Who were the wise men? We know next to nothing about these mysterious characters from the east. In fact, the familiar representations of them in nativity scenes and Christmas pageants are based almost entirely on tradition, not biblical facts.
As John MacArthur explains in his commentary on Matthew’s gospel,
The only legitimate facts we know about these particular magi are the few given by Matthew in the first twelve verses of chapter 2. We are not told their number, their names, their means of transportation to Palestine, or the specific country or countries from which they came. The fact that they came from the east would have been assumed by most people in New Testament times, because the magi were primarily known as the priestly-political class of the Parthians-who lived to the east of Palestine.  John MacArthur, The MacArthur New Testament Commentary: Matthew 1-7 (Chicago: Moody Press, 1985), 26-27.
As John explains, the magi would have been masters of a variety of academic, scientific, and religious disciplines:
Because of their combined knowledge of science, agriculture, mathematics, history, and the occult, their religious and political influence continued to grow until they became the most prominent and powerful group of advisors in the Medo-Persian and subsequently the Babylonian empire. It is not strange, therefore, that they often were referred to as “wise men.” It may be that “the law of the Medes and Persians” (see Daniel 6:8, 12, 15; Esther 1:19) was founded on the teachings of these magi.  The MacArthur New Testament Commentary: Matthew 1-7, 27.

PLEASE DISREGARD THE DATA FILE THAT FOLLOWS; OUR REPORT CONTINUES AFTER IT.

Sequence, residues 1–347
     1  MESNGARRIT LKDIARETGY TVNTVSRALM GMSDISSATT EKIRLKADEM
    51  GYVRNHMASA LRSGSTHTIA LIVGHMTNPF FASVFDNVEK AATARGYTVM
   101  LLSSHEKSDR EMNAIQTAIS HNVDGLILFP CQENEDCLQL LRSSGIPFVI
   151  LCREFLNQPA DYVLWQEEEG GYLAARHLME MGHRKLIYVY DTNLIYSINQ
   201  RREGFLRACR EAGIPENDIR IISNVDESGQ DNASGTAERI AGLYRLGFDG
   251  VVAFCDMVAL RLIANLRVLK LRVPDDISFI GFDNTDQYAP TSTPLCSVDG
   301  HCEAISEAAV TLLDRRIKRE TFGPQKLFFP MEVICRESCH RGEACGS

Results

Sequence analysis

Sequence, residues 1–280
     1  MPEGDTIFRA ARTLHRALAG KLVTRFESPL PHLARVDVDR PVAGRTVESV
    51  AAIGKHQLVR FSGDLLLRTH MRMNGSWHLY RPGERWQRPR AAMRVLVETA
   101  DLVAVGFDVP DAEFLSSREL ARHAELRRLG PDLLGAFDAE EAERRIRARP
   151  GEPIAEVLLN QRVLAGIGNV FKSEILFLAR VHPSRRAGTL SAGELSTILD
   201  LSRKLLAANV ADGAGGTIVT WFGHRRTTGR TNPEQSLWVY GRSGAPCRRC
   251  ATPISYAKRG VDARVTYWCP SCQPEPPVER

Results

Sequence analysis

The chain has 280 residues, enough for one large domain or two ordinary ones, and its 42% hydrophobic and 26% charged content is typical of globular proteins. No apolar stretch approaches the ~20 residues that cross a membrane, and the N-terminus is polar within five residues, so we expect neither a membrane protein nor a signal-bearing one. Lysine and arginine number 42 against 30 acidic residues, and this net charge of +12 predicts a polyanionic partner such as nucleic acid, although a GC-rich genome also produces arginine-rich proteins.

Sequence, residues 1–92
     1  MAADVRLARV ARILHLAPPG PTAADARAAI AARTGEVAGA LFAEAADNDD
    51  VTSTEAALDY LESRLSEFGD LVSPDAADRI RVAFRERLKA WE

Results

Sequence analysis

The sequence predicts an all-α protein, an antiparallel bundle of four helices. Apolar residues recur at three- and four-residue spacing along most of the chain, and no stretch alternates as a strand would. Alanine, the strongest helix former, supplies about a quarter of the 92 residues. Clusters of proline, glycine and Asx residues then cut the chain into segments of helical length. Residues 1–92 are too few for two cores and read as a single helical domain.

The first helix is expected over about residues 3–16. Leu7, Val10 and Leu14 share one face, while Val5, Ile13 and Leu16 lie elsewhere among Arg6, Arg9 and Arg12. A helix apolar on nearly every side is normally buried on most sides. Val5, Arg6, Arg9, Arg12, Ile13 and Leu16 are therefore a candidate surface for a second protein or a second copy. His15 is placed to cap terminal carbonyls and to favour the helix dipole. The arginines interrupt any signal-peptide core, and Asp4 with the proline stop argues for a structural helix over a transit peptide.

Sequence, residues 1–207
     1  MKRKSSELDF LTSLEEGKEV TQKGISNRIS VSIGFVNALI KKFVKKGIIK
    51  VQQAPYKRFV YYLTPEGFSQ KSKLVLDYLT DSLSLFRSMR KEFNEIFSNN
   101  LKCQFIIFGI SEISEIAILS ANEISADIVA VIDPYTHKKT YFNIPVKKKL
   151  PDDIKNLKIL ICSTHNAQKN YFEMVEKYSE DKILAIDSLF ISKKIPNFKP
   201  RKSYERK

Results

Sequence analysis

The influence the magi held in the ancient world put them in position to intersect with God’s people and His redemptive plan several centuries before their sojourn to Bethlehem.
We learn from the book of Daniel that the magi were among the highest-ranking officials in Babylon. Because the Lord gave Daniel the interpretation of Nebuchadnezzar’s dream-which none of the other court seers was able to do-Daniel was appointed as “ruler over the whole province of Babylon and chief prefect over all the wise men of Babylon” (Daniel 2:48). Because of his great wisdom and because he had successfully pleaded for the lives of the wise men who had failed to interpret the king’s dream (Daniel 2:24), Daniel came to be highly regarded among the magi. The plot against Daniel that caused him to be thrown into the lions’ den was fomented by the jealous satraps and the other commissioners, not the magi (Daniel 6:4–9).
Because of Daniel’s high position and great respect among them, it seems certain that the magi learned much from that prophet about the one true God, the God of Israel, and about His will and plans for His people through the coming glorious King. Because many Jews remained in Babylon after the Exile and intermarried with the people of the east, it is likely that Jewish messianic influence remained strong in that region even until New Testament times.  The MacArthur New Testament Commentary: Matthew 1-7, 27-28.
Scripture doesn’t tell us everything these wise men knew about the King they were coming to worship, or how they knew it. What is apparent is that they were God-fearing Gentiles, and that their enthusiasm is a condemning contrast to the apathetic indifference of Israel’s religious elite.